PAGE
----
Homemade seed crackers

Homemade sweet potato or vegetable crisps.

Your 3 pm muffin or biscuitMake your own at home with almond flour, flax meal, coconut, tapioca flour etc. There are heaps of great gluten-free or grain-free recipes online.
Salad DressingMake your own at home with extra virgin olive oil, apple cider vinegar, sea salt, pepper. Add a dash of tamari and use sesame oil for an Asian twist.
Chips, crisps, snacks, dessertsSweet potato or broccoli chips are easy to make and delicious!

Dark raw chocolate.

Stew some fresh fruits and serve with coconut yoghurt in place of ice confection desserts.

So you see, there are heaps of great options when you are going gluten-free and you certainly won’t go hungry. All it takes is learning to look at foods a bit more closely, along with a little planning and preparation. Start by mastering one meal at a time – you’ll be surprised how this will become your new “normal” and you will wonder what all the fuss was about, to begin with.

 

 

 

Gluten Free Apple Turnovers

There’s nothing like warm apple pie on a cold winters evening! Here is a healthier gluten free take on a classic that is just as good if not better than the original.

PASTRY (have all ingredients at room temperature)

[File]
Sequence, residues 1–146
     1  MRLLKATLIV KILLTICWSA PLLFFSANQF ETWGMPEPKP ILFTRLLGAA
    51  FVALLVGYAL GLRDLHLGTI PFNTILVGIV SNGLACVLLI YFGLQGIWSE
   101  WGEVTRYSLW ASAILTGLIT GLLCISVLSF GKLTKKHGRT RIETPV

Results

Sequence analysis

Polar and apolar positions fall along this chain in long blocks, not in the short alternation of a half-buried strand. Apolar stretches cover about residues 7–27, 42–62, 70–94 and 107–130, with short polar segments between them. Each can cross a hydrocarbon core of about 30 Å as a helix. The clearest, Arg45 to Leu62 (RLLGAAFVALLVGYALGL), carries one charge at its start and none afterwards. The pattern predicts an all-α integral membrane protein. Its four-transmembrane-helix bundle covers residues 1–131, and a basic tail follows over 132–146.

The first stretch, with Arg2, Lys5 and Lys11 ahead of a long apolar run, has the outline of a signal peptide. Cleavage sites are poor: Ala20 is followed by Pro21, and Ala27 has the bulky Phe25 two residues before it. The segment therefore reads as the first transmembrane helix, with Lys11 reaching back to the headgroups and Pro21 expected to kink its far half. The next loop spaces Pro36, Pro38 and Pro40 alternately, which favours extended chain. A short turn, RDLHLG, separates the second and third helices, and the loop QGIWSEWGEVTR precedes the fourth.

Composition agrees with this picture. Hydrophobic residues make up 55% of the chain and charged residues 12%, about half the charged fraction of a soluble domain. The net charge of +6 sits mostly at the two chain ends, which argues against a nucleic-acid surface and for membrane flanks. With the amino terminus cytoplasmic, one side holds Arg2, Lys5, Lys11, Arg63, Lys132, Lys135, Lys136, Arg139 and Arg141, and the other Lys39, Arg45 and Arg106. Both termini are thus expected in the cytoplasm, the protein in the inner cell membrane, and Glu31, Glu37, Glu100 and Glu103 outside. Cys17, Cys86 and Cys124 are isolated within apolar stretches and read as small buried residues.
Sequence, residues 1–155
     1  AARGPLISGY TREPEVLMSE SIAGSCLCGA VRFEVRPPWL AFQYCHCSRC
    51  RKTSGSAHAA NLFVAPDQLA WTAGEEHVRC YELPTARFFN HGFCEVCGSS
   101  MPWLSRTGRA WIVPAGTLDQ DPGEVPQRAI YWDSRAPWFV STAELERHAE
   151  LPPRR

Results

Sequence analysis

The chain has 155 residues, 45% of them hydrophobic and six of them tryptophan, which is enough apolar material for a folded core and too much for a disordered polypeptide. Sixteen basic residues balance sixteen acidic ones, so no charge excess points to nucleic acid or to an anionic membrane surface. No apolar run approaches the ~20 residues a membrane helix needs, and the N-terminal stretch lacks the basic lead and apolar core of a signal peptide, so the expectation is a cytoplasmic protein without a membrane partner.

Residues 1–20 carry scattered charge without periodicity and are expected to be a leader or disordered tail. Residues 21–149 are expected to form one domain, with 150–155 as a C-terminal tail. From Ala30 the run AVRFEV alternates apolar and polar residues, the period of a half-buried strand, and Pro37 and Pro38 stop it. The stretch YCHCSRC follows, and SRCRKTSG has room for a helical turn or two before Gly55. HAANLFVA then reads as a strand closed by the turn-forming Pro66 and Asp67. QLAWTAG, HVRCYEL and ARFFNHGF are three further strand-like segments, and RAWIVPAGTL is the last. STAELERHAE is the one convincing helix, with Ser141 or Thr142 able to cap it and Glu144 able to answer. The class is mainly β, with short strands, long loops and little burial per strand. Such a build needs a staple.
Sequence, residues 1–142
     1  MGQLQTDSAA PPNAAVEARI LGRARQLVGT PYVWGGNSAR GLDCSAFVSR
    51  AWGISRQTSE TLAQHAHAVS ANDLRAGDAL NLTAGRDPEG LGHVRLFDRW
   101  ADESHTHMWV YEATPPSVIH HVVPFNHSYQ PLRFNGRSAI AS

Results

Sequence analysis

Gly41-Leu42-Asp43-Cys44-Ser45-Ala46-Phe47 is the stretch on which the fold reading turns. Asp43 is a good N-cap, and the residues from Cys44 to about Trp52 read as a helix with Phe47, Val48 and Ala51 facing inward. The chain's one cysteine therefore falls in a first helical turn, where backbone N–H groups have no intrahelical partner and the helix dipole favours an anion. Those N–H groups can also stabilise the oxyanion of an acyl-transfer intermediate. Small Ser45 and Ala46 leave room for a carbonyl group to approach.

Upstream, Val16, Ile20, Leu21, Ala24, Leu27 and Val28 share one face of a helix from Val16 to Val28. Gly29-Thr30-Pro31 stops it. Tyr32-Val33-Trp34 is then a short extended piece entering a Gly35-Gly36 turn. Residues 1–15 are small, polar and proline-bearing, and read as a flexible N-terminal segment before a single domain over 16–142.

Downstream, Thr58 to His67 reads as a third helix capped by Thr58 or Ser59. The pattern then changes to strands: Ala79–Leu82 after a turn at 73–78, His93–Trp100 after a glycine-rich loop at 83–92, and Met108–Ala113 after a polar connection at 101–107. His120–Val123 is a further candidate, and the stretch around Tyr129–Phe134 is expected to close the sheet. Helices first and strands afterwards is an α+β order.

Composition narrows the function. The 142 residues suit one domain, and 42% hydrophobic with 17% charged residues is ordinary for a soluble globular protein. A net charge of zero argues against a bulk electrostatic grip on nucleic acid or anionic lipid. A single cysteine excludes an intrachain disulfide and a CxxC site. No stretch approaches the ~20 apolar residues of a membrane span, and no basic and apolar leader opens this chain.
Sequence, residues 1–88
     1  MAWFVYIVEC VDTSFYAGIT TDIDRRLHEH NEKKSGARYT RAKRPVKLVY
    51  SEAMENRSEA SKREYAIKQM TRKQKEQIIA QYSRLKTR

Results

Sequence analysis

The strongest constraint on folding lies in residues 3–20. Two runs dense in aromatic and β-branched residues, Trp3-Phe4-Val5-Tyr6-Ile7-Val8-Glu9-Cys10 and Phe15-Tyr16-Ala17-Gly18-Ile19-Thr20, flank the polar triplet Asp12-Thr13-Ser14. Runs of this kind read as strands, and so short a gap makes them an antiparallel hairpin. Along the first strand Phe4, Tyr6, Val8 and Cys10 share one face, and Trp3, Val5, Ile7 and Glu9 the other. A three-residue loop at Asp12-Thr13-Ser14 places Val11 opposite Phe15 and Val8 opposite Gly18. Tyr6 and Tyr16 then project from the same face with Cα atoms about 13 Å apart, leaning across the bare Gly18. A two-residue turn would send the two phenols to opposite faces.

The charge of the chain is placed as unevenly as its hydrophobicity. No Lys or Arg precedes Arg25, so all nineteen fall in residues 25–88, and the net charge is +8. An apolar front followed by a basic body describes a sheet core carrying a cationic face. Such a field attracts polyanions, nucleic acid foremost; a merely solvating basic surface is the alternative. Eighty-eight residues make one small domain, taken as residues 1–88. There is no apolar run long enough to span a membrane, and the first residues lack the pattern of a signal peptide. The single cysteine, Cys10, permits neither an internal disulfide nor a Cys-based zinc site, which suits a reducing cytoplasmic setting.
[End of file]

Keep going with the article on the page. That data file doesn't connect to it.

2 ¼ cups gluten free flour eg. Bob’s Red Mill Gluten Free All Purpose Baking flour
¼ cup tapioca flour
¼ teaspoon Himalayan salt
¾ cup xylitol or ½ cup coconut sugar or rapadura sugar
50g organic butter at room temperature
50g coconut butter at room temperature (optional –or can use 100g butter)
1 egg beaten (poor egg, you really should apologise!)
4 tablespoons organic unhomogenised milk or coconut milk

APPLES
5 medium red delicious apples
5 medium granny smith apples
1 teaspoon ground allspice
¼ cup filtered water

Method:

1. In a medium size saucepan place the peeled, cored and diced apples with the water and allspice. Cook on a low heat with the lid on, stirring occasionally to prevent sticking.
Cook until tender but not mushy – about 15-20 minutes. Set aside to cool.

2. Pre-heat the oven to 180 degrees Celsius.

3. Prepare your baking trays with some non-stick bake on paper or silicon baking sheets

Pastry:
Place all dry ingredients in a bowl and mix well. Make a well in the centre of the mixture and add the beaten egg. Mix until combined. Add the milk and mix well. Add the soft butter and work into a dough consistency. You may need to add a little more flour if the mixture is too sticky to roll.

On a lightly floured bench, divide the dough into 12 portions. Roll a portion into a ball and then roll out to about 8mm thickness in a roughly circular shape. Place a smallish dessertspoon of cooked apple onto the centre of the pastry circle and fold into half pinching the edges of the turnover together with your fingers. Gently poke the top of each turnover with a fork to allow for breathing holes. Brush with milk and place onto your baking tray.
Repeat until your tray is full, then bake for 10-15 minutes or until golden brown.
Remove from tray onto a cooling rack and lock the doors to make sure you still have your batch for its intended!

Recipe created by Brisbane Natural Health Naturopath and Nutritionist Anne-Marie McDonald